Show Up and Speak Out at the Final Round of Public Scoping Meetings for Northern Pass

Christophe Courchesne

During the week of September 23, the United States Department of Energy (DOE) has scheduled four additional public scoping meetings in different communities in New Hampshire as part of the scoping process for DOE’s Environmental Impact Statement (EIS) for the Northern Pass transmission project.

As with the well-attended meetings more than two years ago, these new meetings are a vital opportunity to explain your concerns about the project to DOE officials. These meetings are the last in-person moments to influence DOE’s decisions on the scope and content of the draft EIS, including the environmental and social impacts of the project to be considered and the alternatives to be seriously studied. Those decisions will have lasting ramifications as the federal and state permitting processes continue. Here is the schedule:

  • Monday, September 23, 2013, 6–9 p.m., Grappone Conference Center, Concord, NH (map)
  • Tuesday, September 24, 2013, 5–8 p.m, Plymouth State University, Silver Center for the Arts, Hanaway Theater, Plymouth, NH (map)
  • Wednesday, September 25, 2013, 5–8 p.m., Mountain View Grand Resort & Spa, Presidential Room, Whitefield, NH (map)
  • Thursday, September 26, 2013, 5–8 p.m., Colebrook Elementary School, Colebrook, NH (map) (this meeting was moved from a smaller location in W. Stewartstown)

Each meeting will include both an “informal workshop” and a more formal session where the public will have the opportunity to make brief statements. In the 2011 meetings, speakers were limited to 3 minutes. If you want to speak, we advise that you reserve a slot in advance by emailing DOE’s Brian Mills at Brian.Mills@hq.doe.gov. The formal portion of the meeting will be transcribed by a stenographer, and all public testimony will be included in the official administrative record of DOE’s review of the project.

Even if you aren’t interested in making any remarks in the formal session, please attend and bring your neighbors, friends, and family. The turnout at these meetings is important to the course of the permitting process, and many will be watching to gauge the public’s reaction to Northern Pass’s revised route. Showing up matters!

public-scoping-meeting

(photo credit: flickr/Christchurch City Libraries)

You can also weigh in with written scoping comments on DOE’s EIS website. The deadline for these comments is November 5, 2013. (The deadline to file comments with DOE on the amended application and to “intervene” remains September 18.)

What should you say or write? Any reasonable concern or question about the proposed Northern Pass project and alternatives is relevant to the scoping process and will help inform DOE’s decision-making. As a starting point, it may be helpful to review the maps of the project route prepared by Northern Pass Transmission LLC in its amended permit application; both the maps and the application are available at DOE’s EIS website. CLF’s Northern Pass site, our detailed 2011 scoping comments, and three years of our Northern Pass blog posts are also at your disposal. Consider submitting comments on the potential impacts of the project on communities, the White Mountain National Forest, the climate, wildlife, forest resources, wetlands, recreation areas, the renewable energy sector, the local economy, and natural resources in Canada.  And don’t hesitate to tell DOE, once again, that its review of the project needs to be more fair, transparent, and objective than it is now. Note also that Northern Pass’s many rejections of potential alternatives to the project, including in its permit application, aren’t the final word, and DOE must conduct a rigorous review of all reasonable alternatives, including not building the project, and alternative routes and project designs that may have fewer impacts. It’s well settled that an objective and comprehensive analysis of alternatives is an ironclad legal requirement and, indeed, the heart of the federal environmental review of the project.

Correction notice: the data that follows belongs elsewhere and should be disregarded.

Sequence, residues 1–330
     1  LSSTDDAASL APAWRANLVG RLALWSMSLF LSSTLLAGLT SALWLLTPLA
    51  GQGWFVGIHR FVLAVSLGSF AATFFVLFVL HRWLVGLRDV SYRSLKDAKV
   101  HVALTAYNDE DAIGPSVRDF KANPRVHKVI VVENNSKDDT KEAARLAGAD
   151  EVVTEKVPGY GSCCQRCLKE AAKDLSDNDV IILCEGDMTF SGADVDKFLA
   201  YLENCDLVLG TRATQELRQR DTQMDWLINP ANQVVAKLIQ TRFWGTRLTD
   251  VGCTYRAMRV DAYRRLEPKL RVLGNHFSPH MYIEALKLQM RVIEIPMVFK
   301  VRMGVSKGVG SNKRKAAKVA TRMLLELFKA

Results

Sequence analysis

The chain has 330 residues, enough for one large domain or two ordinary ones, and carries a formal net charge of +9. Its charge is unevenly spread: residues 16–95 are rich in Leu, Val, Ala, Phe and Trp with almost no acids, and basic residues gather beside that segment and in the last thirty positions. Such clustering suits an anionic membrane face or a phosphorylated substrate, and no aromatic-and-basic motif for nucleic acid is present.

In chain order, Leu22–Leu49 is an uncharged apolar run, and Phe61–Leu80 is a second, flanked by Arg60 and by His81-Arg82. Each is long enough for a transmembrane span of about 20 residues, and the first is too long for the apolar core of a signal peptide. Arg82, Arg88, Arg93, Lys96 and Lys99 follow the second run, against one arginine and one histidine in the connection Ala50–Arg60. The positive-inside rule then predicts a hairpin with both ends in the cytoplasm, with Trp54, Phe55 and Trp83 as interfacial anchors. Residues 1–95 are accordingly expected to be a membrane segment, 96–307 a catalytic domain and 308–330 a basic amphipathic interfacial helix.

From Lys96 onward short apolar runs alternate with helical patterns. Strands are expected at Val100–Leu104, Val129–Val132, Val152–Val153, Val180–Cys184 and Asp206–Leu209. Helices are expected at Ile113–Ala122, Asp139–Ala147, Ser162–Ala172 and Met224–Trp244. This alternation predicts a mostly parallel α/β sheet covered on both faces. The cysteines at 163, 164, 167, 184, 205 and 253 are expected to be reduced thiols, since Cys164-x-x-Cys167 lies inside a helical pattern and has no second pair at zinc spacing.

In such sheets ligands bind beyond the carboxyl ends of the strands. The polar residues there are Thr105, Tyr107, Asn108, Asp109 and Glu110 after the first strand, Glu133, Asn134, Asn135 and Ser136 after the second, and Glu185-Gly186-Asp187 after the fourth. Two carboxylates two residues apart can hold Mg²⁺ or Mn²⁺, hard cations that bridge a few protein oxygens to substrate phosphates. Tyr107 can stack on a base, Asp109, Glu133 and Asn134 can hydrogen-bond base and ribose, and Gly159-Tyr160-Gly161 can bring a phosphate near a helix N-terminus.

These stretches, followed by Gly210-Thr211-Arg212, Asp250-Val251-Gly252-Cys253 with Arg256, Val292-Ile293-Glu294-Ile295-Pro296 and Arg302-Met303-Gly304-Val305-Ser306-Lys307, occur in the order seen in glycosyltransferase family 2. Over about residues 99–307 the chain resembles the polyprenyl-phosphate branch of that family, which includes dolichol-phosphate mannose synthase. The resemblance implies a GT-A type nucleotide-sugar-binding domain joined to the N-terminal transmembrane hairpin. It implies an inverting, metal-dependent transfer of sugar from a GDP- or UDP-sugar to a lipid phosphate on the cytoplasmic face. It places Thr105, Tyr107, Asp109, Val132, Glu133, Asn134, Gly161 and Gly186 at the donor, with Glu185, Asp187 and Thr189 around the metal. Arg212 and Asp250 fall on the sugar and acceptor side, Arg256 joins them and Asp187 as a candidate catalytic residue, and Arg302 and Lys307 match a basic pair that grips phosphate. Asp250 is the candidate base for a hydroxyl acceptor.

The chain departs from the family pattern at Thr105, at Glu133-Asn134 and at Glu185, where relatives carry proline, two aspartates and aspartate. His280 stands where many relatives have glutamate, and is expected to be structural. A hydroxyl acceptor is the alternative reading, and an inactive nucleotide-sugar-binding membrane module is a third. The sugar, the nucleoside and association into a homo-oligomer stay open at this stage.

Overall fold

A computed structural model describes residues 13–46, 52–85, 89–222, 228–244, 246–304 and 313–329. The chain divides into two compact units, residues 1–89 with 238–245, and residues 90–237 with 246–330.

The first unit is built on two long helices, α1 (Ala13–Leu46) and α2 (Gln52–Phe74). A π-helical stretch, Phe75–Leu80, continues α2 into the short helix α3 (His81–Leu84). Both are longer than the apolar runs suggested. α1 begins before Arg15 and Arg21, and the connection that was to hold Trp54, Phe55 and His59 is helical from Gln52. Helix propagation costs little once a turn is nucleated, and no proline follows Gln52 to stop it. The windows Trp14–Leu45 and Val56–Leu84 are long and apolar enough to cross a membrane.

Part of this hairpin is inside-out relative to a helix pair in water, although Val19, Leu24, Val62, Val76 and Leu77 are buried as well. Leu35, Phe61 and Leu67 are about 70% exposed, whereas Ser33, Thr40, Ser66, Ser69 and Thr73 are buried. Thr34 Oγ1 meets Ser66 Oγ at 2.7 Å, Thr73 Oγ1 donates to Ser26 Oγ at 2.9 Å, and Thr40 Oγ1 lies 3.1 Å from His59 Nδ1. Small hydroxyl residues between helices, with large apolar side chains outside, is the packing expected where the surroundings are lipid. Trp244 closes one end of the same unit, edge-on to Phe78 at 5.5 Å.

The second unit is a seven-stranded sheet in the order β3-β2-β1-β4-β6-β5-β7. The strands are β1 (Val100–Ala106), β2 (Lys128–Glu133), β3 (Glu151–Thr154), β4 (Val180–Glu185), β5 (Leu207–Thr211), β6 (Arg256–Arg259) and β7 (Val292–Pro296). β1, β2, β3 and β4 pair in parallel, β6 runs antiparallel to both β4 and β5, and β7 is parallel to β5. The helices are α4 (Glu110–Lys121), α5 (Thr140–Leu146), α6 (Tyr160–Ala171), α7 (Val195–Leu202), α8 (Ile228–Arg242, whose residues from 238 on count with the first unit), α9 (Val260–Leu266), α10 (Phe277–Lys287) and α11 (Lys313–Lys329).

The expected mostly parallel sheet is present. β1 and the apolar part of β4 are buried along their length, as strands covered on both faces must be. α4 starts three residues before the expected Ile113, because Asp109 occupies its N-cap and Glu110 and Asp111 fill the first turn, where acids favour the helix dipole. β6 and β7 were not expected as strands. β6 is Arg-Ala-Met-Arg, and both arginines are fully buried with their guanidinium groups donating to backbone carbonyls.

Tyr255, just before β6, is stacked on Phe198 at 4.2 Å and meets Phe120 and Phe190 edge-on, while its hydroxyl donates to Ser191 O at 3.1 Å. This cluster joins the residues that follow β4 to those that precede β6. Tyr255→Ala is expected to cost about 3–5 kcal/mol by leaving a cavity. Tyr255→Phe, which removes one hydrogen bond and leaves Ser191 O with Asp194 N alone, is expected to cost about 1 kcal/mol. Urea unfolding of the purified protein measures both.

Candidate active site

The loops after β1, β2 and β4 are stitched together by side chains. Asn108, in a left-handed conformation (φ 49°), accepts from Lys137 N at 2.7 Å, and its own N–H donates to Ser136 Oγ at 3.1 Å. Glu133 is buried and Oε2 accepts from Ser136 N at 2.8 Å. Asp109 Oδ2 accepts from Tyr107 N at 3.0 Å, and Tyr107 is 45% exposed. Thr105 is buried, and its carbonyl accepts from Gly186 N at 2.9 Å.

Show up and speak out!

Focus Areas

Climate Change

Places

New Hampshire

Campaigns

Northern Pass

4 Responses to “Show Up and Speak Out at the Final Round of Public Scoping Meetings for Northern Pass”

  1. Roger Dennison

    To protect our planet from catastrophic climate change, fuel-fired power generation must be phased out as quickly as possible. Doing so is wholely dependent on bringing on line cost-effective alternatives. Hydropower from Canada is far and away the most cost-effective form of non-carbon energy available to New England. It is both disappointing and puzzling to find CLF siding with people in the fuel-fired power generation industry to scrape together arguements against this promising effort to cut New England’s carbon emissions.

  2. Roger Dennison

    Mr. Courchesne – Thank you for your detailed response to my comment. I have read the Synapse Energy report and noted its conclusion that the emissions from newly-flooded boreal reservoirs are significant but “much lower than for fossil fuel technologies”.

    Given this, one would hope to see CLF advocate in favor of the power-line project, and make the public understand that the environmental consequences of the power line would be limited and indeed trivial when set against the impending consequences of climate change.

    • Mark Orzeck

      The issue with Northern Pass is not the need, it’s the suggested method. Both NY and ME have found ways to go completely underground for ~$6M/mile, yet NP says to go underground in NH it would be 4-14 times that amount. Also noted, that is an estimate on their part, they neither have real data to back that up, nor will they fund a study to provide that data.

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